The story behind The New Mutants is decidedly more interesting than the movie itself, the last of the twenty-year span of Fox X-Men movies. There was a three-year gap in between trailers for this movie, an adaptation of a Marvel comics series and fronted by co-writer and director Josh Boone (The Fault in Our Stars). It was originally supposed to come out in 2017, and then it was delayed with the rumors that Fox wanted to push for a more prevalent horror angle. There were rumors of extensive re-shoots, possibly half the movie, and then the Disney merger effectively froze the post-production process, and then the rumors were that the film was removing all the elements to tie it into the X-Men universe, to stand on its own. Apparently, all of this speculation and the talk of re-shoots was a lot of hot air and the finished film is what was originally back in 2017, before the X-Universe imploded with the great Disney takeover. Because of the many years of delays and gestating rumors, The New Mutants became a strange artifact of another time and fans began anticipating how bad it might be and whether they might ever really see it. Finally released at long last, The New Mutants is only aggressively mediocre and thoroughly boring. Danielle Moonstar (Blu Hunt) wakes up in a strange asylum. She's the only survivor from her reservation where something powerful and supernatural attacked. The medical facility is run by Dr. Reyes (Alice Braga) and secluded in the country. It's also kept under a force field until the mutant patients make breakthroughs on their paths to processing their trauma and controlling their volatile powers. Rahne Sinclair (Maisie Williams) is from Scotland and was hunted as a demon by religious extremists. Illyana Rasputin (Ana Taylor-Joy) was terrorized by Slenderman-like intruders as a young girl. Roberto de Costa (Henry Zaga) accidentally burned his girlfriend alive. Sam Guthrie (Charlie Heaton) lost control in his town's coal mine and is responsible for several deaths, including his hard-working father. Together, they uncover the sinister forces keeping them trapped and confront a powerful menace from the past to gain their freedom. Even with years of curiosity and anticipation, once it got started, I found myself nodding off during The New Mutants. This is because the script by Boone and Knate Lee (Kidnap) is predicated on predictability. Of course, you know exactly what will be revealed about this so-called helpful medical facility. Of course, you know who will be revealed to be part of that conspiracy. So then we wait for the obvious plot turns and bide our time for close to an hour with each mutant experiencing their own It-style scary encounter with a trauma of their past. Since we have four additional supporting players, each contributes a PG-13 studio spooky set piece until we reach our most obvious reveal about who is responsible for their worst nightmares coming to violent fruition. Seriously, just having read the above, I guarantee that the majority of you can figure out all the spoilers I'm dancing around. This is the kind of movie that quotes the "two wolves" metaphor ("Inside every person are two wolves…") though the internal animal is changed into bears to align more with Danielle's native culture. Makes me wonder if every person has two of different animals fighting for dominance within them ("Inside every person are two really irritable ducks…"). This metaphor is hammered home multiple times so you better believe it's going to relate to our final climax. Normally, I would cite this as smart screenwriting, layering in setups and connecting theme to a personal confrontation. The showdown though is so goofy and the final villain free of personality, because ultimately the final villain is a symbol, an idea, and that is too vague and prone to basic platitudes on fear and responsibility. The characters are also a major flaw for The New Mutants. It feels like somebody was trying to follow a formula of popular teen movies and sticks with the stereotypical stock roles but gave it a slightly modern twist. Our lead character is indigenous. There's a chaste lesbian romance. There's a level of diversity here even if fans of the comics also have expressed insult at possible white-washing of a Brazilian comic character's ethnicity. At its core, the characters are still the same high school cliche roles: the Mean Girl (Illyana), the Outcast (Rahne), the Tomboy (Danielle), the Jock (Roberto), the Poor White Trash (Sam). It's not too difficult to imagine The Breakfast Club faces being reapplied into these familiar roles onscreen. They even have a cheesy "cutting loose" montage when their authority figure is away that might remind you of that John Hughes classic. Worse, the characters just aren't that interesting, each defined by their past that figuratively and then quite literally haunts them. This leads to some intriguing moments of them reliving horror but no sequence makes any character more interesting. The fears don't provide further insight. Illyana might be the most annoying character of the group. She's immediately pushy, malicious, racist, and her combination of powers just doesn't make any sort of sense (teleportation and a disappearing arm sword, huh?). The boys are boring but Danielle is just as boring as our lead. The only character with a spark of possibility is Rahne and her push against religious harassment. If you're going to be trapped in a contained thriller with a group of super-powered teens, could they not be more interesting than this sullen lot of underdeveloped high school cliches? For a movie that was supposed to be something different, it's the flashes of horror that made me wish the extensive Fox re-shoots had been real. As a mystery or an action movie, The New Mutants isn't going to be able to compare to the highlights of its fabled franchise. The action at the end feels rushed and sloppy. However, it could have found a tidy place for itself as a more adult horror movie within the broader X-Men fold. The spooky set pieces don't have much to them because they're meant as passing torment, reminders of negative feelings rather than extended sequences. They can be eerie and made me wish we could dwell further with this. A horror movie in a confined space with teenagers with powers they didn't fully understand or couldn't control, I can see the possibilities there aplenty. That's what makes it all the more disappointing how predictable Boone and the filmmakers go with their one-off genre riff. The creepy Slenderman creature design is actually good, though I don't really know if they are real in this world or a figment of Illyana's childhood imagination. I don't really know much about the rules of The New Mutants, so when it takes its turns, I was mostly shrugging and saying to myself, "Well, okay then." Why do these super powered and angst-ridden teenagers never attempt to overthrow the one woman who patrols this otherwise empty facility? I watched Roberto repeatedly wash a giant soup vat in the empty kitchen when he could have been plotting escape. Who is consuming that much soup on a regular basis between the six of these people? In short, The New Mutants was not worth its unceremonious three-year wait. It's a middling super hero movie with flashes of potential, especially when it could have been something so different and new than any of the previous X-Men flicks. The movie is so easily predictable that I'm shocked more effort wasn't put into its scary set pieces to better compensate. There are more twisted accents in the movie than genuine twists and genuine scares (your ears may bleed). It's barely 85 minutes long and you feel like it's gasping for breath by even that modest run. It never quite feels like the concept of a horror movie set with super heroes was ever really well imagined. If this is the actual preferred version Josh Boone always had in mind, it still manages to feel incomplete and underwhelming in execution. It's not exactly a good comic book movie, or a good horror movie, or even a good movie. Thus ends The X-Men. Rest in peace. Nate's Grade: C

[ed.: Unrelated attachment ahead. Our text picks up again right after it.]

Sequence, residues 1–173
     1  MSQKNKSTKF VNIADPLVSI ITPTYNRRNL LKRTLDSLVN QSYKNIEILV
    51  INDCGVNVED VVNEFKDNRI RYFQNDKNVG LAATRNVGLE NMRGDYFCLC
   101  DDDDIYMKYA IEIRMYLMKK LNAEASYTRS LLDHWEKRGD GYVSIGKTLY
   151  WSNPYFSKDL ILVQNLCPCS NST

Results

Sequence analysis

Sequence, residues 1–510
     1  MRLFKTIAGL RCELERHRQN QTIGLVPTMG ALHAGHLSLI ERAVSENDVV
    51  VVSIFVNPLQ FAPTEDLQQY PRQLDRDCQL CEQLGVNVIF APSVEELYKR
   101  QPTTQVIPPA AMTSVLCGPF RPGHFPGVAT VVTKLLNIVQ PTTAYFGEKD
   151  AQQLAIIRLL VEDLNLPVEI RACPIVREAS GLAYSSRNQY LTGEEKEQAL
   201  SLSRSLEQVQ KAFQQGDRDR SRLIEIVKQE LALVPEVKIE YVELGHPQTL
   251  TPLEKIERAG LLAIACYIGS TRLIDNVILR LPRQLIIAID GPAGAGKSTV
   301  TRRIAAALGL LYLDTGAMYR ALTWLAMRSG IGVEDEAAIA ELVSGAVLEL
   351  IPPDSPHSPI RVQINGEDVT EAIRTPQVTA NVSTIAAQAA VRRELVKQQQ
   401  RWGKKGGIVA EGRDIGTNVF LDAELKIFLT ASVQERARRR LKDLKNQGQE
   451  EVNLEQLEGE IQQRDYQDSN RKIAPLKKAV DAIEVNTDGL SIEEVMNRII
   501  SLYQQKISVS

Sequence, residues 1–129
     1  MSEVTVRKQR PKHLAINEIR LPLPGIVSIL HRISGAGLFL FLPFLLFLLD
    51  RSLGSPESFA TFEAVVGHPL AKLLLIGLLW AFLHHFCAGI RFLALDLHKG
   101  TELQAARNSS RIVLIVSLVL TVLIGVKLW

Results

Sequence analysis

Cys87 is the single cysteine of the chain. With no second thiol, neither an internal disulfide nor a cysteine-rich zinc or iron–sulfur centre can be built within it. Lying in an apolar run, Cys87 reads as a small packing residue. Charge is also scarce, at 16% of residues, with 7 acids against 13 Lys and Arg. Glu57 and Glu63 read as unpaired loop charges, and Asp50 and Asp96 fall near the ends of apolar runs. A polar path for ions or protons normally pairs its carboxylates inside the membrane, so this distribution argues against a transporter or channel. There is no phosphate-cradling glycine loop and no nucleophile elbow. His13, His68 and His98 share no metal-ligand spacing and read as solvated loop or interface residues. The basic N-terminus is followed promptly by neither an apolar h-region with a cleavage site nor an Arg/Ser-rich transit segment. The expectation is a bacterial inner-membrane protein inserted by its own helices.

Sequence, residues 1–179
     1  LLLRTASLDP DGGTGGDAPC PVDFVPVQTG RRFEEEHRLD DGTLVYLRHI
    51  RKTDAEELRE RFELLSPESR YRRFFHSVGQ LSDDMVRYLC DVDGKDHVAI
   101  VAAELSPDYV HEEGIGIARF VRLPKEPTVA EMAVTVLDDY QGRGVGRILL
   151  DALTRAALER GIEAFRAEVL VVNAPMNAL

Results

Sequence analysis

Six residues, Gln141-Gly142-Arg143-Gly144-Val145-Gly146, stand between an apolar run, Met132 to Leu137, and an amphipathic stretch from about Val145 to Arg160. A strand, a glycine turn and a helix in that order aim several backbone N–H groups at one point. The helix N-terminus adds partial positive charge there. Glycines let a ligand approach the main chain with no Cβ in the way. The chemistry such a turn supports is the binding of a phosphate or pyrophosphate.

Nate Z Super Reviewer
  • Sep 03, 2020
    The New Mutants finally limped into cinema's after a long delay. The delay have been attributed to the studio buyout by Disney but when you view the final product it's clear it was more about the quality of the film. The film played out as a horror film in the trailers but it's clearly a film in need of a tone and its overall disappointment comes from too much build-up and no payoff. Josh Boone had previously directed Fault in our Stars and due to the success was granted what was to be a trilogy of New Mutant films. The buyout might have impacted this plan but when I finally viewed the film it was evident it lacked an overall tone. The horror elements aren't scary and the generic story-line feels out of place. The film establishes character but we learn little and when it comes time to shine, the blue print left by the successful comic book run is left in the wind. This is why studio film-making is the worst. I remember a time when a film threw everything they had at the first film and worried about sequels later on. New Mutants feels like a soft entry with the intention to build in later films. I walked out of the film disappointed and when your a fan of the source material its easy to understand why. This isn't an event film and the reshoots might've fixed some of the horror and pacing issues. The X-men world was beginning to fall apart at Fox with only Logan as the shining beacon towards the end. New Mutants is only a film worth viewing for fans of the series and others will find little of substance here. 03/09/2020
    Brendan O Super Reviewer